Alphonse Alan Dotson (born February 25, 1943) is a former American football defensive tackle who played college American football at Grambling State, where he was All-American in 1964.He was drafted by the National Football League's Green Bay Packers in the 2nd round (24th overall) of the 1965 NFL Draft but signed with the American Football League's Kansas City Chiefs and played a year. In 1966, he played for the AFL's Miami Dolphins. From 1967-1970 he played for the AFL's Oakland Raiders, mostly as a backup as he recorded only 4 career starts. The Raiders defensive line of that era was Ike Lassiter, Ben Davidson, Tom Keating, and Dan Birdwell, a group who set the NFL sack record (broken in 1984 by the Chicago Bears), so Dotson did not get a lot of playing time, although he played in most of the games while with the Raiders.His son is Santana Dotson, himself a former All-American and also the 1993 NFL Defensive Rookie of the Year with the Tampa Bay Buccaneers and played in two Super Bowls with the Green Bay Packers. He was a Super Bowl champion winning Super Bowl XXXI with the Packers.When his son, Santana, had become a free agent, Alphonse acted as his son's agent used his commission on the deal to purchase 83 acres (340,000 m2) which includes grapevines that covered 1/3 of the land. So now, Dotson is now a grape grower at Certenberg Vineyards in Texas. He also is the president of the Texas Wine and Grape Growers Association.Alphonse Grandson played college American football at the University of Oklahoma who was a part of 2 National Championship games and won 3 Big XII Conference Championships— Alonzo Dotson Who is now a College Scout For the Green Bay Packers, a defensive end.

Asa Buchanan

Asa Buchanan is a fictional character and patriarch of the Buchanan family on the American serial drama One Life to Live. The Texan industrialist father of newly arrived characters Clint and Bo Buchanan, Asa was originated in late 1979 by Philip Carey. Carey portrayed the role continually for nearly three decades, through to his final pre-taped appearance in 2008. Throughout those years, Asa's ruthless business dealings and attempts to both protect and control his family members drive much of the drama in the series.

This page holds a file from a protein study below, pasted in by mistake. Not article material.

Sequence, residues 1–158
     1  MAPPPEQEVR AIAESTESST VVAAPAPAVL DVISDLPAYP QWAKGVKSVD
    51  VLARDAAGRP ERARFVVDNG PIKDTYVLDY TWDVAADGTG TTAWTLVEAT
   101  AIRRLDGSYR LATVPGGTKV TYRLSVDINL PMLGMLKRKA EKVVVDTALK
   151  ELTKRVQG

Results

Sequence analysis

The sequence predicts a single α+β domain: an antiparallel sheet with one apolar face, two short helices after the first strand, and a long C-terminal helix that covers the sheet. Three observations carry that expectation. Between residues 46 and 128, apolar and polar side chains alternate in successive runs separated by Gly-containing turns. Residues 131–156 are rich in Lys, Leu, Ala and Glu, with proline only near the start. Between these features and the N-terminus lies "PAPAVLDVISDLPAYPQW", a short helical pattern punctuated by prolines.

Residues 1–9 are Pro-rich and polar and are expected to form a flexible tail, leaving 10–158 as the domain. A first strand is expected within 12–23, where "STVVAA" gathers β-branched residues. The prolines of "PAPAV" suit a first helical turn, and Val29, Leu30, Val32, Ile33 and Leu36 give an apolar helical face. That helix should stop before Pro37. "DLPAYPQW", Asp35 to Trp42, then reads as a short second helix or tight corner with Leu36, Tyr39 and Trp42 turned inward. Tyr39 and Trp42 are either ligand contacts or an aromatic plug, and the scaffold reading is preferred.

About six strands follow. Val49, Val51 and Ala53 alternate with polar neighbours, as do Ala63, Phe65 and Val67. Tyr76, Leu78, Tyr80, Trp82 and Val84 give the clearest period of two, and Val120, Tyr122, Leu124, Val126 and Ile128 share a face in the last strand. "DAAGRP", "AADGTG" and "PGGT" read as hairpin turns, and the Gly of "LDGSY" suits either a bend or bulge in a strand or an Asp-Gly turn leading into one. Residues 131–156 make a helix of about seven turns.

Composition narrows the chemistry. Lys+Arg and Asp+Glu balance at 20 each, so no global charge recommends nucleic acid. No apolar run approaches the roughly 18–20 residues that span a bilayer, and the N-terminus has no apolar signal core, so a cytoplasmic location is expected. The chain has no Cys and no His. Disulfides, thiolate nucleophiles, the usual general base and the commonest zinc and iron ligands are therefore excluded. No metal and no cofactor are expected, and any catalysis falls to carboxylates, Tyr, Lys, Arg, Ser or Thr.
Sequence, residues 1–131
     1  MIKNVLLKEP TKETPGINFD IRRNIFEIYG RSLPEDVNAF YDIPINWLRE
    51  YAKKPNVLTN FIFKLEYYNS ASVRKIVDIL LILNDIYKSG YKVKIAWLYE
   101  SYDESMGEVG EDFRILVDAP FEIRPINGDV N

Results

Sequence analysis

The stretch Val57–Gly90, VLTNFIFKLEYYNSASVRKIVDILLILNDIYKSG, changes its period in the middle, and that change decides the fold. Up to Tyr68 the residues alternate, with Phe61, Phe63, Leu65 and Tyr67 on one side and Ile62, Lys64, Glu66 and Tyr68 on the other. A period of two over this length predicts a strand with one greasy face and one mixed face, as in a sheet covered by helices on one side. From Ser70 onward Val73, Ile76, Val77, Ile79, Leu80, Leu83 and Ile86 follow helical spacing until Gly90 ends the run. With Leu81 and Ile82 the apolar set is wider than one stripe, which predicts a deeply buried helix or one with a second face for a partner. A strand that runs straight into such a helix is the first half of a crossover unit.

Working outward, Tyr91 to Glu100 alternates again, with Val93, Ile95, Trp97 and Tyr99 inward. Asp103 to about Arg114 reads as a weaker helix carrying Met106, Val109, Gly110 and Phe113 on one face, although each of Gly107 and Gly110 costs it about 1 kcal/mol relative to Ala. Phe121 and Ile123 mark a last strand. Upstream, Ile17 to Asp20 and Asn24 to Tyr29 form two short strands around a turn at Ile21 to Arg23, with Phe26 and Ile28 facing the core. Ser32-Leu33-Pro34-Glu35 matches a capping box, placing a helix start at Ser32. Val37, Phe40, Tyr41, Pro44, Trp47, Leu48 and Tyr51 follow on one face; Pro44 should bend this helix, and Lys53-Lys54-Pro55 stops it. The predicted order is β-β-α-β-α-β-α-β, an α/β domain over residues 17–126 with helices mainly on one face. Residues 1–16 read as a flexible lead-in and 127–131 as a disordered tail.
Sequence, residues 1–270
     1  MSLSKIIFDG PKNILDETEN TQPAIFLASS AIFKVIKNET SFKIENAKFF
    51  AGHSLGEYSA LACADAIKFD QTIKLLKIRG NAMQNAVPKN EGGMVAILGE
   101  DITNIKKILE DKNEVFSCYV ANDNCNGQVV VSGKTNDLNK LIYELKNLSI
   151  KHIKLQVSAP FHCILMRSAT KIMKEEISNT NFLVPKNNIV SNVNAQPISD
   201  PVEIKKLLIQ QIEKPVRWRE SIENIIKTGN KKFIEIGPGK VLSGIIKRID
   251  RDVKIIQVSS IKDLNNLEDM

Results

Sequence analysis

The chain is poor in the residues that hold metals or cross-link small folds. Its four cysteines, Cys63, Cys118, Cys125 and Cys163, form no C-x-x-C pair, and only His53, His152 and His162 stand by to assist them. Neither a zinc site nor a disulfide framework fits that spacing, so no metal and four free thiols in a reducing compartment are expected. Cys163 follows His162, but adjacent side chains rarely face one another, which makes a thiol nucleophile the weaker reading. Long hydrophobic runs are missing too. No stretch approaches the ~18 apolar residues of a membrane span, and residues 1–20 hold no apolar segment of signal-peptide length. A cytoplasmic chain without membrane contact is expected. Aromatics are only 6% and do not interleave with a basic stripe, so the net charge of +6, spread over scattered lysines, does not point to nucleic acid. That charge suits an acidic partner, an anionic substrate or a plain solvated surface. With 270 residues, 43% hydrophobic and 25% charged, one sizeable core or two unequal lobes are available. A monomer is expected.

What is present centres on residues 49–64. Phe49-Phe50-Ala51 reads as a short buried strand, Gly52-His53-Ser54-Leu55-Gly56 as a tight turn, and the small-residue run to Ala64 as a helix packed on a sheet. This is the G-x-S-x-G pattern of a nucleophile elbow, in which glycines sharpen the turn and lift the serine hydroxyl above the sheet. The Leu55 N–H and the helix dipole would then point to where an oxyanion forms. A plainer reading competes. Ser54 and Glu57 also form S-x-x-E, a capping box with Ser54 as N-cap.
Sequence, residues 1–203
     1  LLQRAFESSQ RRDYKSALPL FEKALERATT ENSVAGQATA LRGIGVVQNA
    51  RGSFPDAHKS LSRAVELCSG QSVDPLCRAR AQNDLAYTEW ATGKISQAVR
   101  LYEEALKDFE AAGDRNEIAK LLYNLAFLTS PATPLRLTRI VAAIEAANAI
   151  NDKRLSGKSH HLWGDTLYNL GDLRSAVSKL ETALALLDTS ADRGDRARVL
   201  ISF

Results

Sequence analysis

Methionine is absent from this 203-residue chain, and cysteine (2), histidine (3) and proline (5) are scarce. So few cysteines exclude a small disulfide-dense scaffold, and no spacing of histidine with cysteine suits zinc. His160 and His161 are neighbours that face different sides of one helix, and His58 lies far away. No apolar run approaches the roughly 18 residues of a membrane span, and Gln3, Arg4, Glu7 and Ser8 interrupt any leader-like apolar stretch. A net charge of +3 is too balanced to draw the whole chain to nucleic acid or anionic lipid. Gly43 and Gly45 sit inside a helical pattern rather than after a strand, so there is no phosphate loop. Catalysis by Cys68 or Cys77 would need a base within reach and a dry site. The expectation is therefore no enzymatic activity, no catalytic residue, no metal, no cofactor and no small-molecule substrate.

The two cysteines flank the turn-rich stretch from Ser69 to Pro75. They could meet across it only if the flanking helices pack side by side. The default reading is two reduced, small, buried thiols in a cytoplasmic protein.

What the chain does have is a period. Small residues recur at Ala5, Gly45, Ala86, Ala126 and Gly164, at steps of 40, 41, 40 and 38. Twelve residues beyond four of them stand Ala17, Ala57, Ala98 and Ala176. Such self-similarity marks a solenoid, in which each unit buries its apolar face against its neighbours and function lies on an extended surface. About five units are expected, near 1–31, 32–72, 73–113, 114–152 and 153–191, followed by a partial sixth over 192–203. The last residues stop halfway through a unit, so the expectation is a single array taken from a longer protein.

Ben Davidson (One Life to Live)

Ben Davidson is a fictional character on the American soap opera One Life to Live. He was portrayed by actor Mark Derwin from February 1999 to August 2002, and briefly in February 2004 and July 2008. Ben is best remembered as the sixth husband of town heroine Victoria Lord, who carried the name "Victoria Lord Davidson" for nine years.

Ben Davidson (disambiguation)

Ben Davidson (1940–2012) was an American football player.

Ben Davidson may also refer to:

Ben Davidson (rugby league) (1902–1961), New Zealand rugby league player

Ben Davidson (politician) (1901–1991), American politician

Ben Davidson (One Life to Live), a fictional character on the American soap opera One Life to Live

Ben Davidson (politician)

Ben Davidson was an American politician who co-founded the Liberal Party of New York State with fellow teacher unionist George Counts, David Dubinsky of the International Ladies Garment Workers Union, Alex Rose of the Cloth Hat, Cap and Millinery Workers, and theologian Reinhold Niebuhr.

Ben Davidson (rugby league)

Benjamin Alfred "Ben" Davidson (1902 – 1961) was a New Zealand rugby league footballer who represented New Zealand.His brother Bill also represented New Zealand and another brother, George, played for Auckland and competed in the 1920 Summer Olympics as a sprinter.

Buchanan family

The Buchanan family is a long-running family of fictional characters on the American soap opera One Life to Live. The ensemble was originally inspired by the Ewing family on the 1970s primetime soap opera Dallas, and appeared from September 1979 through the end of the serial in August 2013.

Code R